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The Strange Case of Dr. Couney : How a Mysterious European Showman Saved Thousands of American Babies.
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The extraordinary tale of how a mysterious immigrant "doctor" became the revolutionary innovator of saving premature babies--by placing them in incubators in World's Fair side shows and on Coney Island and Atlantic City. <br> <br> What kind of doctor puts his patients on display?<br> <br> As Dawn Raffel artfully recounts, Dr. Couney figured out he could use incubators and careful nursing to keep previously doomed infants alive, and at the same time make good money displaying these babies alongside sword swallowers, bearded ladies, and burlesque shows. How this turn-of-the-twentieth-century émigré became the savior to families with premature infants, known then as "weaklings"--while ignoring the scorn of the medical establishment and fighting the climate of eugenics--is one of the most astounding stories of modern medicine. And as readers will find, Dr. Couney, for all his opportunistic entrepreneurial gusto, is a surprisingly appealing character, someone who genuinely cared for the well-being of his tiny patients. But he had something to hide.<br> <br> Drawing on historical documents, original reportage, and interviews with surviving patients, acclaimed journalist and magazine editor Dawn Raffel tells the marvelously eccentric story of Couney's mysterious carnival career, his larger-than-life personality, and his unprecedented success as the savior of tiny babies.
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  School Library Journal Review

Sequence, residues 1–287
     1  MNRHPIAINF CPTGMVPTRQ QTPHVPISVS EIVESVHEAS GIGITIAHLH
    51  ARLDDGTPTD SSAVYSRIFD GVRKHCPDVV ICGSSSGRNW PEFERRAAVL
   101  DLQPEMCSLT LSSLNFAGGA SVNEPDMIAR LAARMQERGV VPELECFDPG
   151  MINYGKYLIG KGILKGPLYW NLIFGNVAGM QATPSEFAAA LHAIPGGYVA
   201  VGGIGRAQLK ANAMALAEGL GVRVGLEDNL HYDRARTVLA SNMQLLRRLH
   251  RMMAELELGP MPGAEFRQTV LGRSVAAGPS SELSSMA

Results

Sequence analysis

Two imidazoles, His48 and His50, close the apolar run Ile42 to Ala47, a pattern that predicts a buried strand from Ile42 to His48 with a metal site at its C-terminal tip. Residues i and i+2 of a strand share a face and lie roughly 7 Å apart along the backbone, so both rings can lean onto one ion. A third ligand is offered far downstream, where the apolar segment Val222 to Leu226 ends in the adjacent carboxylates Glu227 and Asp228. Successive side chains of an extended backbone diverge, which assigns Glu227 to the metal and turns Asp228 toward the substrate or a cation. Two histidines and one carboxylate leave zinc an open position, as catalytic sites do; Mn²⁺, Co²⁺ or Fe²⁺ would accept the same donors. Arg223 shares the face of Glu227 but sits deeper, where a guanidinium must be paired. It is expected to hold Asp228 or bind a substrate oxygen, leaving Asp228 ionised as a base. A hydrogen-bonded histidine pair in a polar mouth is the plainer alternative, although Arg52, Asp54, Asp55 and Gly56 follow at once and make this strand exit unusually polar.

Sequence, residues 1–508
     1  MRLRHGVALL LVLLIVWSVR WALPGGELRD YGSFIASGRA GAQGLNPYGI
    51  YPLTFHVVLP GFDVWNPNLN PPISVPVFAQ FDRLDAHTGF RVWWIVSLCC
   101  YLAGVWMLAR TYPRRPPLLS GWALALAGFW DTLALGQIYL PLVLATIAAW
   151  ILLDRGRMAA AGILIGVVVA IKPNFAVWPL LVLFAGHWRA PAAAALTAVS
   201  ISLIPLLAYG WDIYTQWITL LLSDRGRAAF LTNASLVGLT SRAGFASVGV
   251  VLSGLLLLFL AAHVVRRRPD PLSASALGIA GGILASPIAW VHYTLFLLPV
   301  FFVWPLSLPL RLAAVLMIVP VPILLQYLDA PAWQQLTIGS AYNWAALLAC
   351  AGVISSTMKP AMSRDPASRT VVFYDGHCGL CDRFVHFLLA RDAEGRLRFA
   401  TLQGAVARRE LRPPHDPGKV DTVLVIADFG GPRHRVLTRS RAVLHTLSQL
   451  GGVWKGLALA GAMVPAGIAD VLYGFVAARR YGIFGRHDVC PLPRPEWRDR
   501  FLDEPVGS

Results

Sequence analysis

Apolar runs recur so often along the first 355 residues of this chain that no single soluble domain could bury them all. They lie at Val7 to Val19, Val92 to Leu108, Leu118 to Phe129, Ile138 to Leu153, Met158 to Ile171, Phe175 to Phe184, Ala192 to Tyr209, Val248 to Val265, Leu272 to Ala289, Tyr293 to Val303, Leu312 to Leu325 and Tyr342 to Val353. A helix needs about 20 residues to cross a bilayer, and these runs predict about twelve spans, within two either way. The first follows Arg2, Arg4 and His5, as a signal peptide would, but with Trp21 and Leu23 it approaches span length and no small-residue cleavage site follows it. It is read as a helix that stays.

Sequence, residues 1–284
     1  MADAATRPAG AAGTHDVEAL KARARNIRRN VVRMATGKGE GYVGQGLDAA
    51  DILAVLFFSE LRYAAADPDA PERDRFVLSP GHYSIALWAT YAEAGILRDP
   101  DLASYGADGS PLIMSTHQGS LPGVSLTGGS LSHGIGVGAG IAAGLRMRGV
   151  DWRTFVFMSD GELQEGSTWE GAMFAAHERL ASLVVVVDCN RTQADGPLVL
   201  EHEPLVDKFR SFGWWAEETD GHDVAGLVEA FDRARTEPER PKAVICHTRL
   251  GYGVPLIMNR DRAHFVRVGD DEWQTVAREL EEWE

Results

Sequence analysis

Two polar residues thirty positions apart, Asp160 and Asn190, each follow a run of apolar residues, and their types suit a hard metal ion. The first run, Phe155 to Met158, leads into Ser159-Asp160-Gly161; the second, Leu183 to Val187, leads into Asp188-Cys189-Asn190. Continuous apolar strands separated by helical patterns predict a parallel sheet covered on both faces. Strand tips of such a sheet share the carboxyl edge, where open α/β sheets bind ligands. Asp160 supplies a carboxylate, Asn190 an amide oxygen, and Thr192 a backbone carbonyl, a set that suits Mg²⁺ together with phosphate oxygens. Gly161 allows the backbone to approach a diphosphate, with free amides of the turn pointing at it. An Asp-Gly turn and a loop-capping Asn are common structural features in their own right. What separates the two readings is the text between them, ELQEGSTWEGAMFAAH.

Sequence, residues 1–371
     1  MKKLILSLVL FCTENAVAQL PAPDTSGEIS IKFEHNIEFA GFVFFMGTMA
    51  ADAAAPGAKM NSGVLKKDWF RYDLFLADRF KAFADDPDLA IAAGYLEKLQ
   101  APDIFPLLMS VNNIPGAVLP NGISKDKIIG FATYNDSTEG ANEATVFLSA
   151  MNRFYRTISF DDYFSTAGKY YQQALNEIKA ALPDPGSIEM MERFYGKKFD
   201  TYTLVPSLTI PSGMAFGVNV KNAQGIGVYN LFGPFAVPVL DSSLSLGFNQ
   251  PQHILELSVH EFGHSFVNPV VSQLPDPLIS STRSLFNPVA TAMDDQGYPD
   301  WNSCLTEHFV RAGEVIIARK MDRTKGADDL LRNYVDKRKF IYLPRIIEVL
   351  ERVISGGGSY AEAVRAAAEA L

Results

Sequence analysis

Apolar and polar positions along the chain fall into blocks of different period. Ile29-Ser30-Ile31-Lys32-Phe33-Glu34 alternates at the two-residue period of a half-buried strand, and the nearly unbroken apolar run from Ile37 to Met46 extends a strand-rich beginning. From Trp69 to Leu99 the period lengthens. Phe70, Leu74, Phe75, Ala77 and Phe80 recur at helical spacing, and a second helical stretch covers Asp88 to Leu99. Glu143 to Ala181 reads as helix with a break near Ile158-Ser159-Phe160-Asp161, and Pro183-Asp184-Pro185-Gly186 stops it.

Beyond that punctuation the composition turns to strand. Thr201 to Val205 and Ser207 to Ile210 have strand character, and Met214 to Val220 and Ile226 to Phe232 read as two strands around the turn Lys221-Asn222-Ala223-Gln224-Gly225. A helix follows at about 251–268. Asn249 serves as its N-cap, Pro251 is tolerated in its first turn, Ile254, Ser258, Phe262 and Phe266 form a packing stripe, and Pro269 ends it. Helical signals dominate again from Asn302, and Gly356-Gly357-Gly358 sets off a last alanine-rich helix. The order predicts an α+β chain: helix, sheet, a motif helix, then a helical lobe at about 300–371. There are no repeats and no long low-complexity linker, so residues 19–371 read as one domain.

At the turn of the 20th century, there was no better place to see the astonishing changes around the globe than at grand expositions and fairs. In the United States, Coney Island provided a venue for showmen to present peeks into the future by revealing new gadgets, offering thrilling rides, and hawking sideshow oddity exhibits. Among these men was Dr. Martin Couney. Couney wasn't actually a doctor, but his idea of putting premature babies on display, snug in newly invented incubators, and charging viewers (but not the infants' parents) a small entry fee, saved lives-and made him rich. His success rate? Greater than 80 percent at a time when hospitals were sending similar three-pound newborns home to die. His genius was in recognizing the benefits of the incubator, perfecting how it worked, and, with his staff, creating methods for keeping the babies warm, fed, and loved. Never accepted by the medical establishment, Couney nevertheless continued to refine his process and save thousands of children. Presented in clustered tidbits, the narrative moves back and forth through time. While this meticulously researched work assumes knowledge of 20th-century history and personalities, such as the Dionne quintuplets, attentive readers will find a fascinating story set within the extraordinary richness of a burgeoning progressive era. VERDICT A -solid addition for sophisticated teens.--Connie Williams, Petaluma Public Library, CA © Copyright 2018. Library Journals LLC, a wholly owned subsidiary of Media Source, Inc. No redistribution permitted.
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